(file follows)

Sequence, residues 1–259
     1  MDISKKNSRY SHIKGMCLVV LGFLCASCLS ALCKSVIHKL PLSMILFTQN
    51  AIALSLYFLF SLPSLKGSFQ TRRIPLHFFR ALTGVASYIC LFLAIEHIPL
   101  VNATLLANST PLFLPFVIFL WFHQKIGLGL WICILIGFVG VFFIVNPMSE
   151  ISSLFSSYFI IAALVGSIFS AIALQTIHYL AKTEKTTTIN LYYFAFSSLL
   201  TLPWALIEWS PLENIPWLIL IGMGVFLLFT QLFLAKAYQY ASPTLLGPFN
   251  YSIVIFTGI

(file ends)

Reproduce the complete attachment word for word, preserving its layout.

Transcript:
Sequence, residues 1–259
     1  MDISKKNSRY SHIKGMCLVV LGFLCASCLS ALCKSVIHKL PLSMILFTQN
    51  AIALSLYFLF SLPSLKGSFQ TRRIPLHFFR ALTGVASYIC LFLAIEHIPL
   101  VNATLLANST PLFLPFVIFL WFHQKIGLGL WICILIGFVG VFFIVNPMSE
   151  ISSLFSSYFI IAALVGSIFS AIALQTIHYL AKTEKTTTIN LYYFAFSSLL
   201  TLPWALIEWS PLENIPWLIL IGMGVFLLFT QLFLAKAYQY ASPTLLGPFN
   251  YSIVIFTGI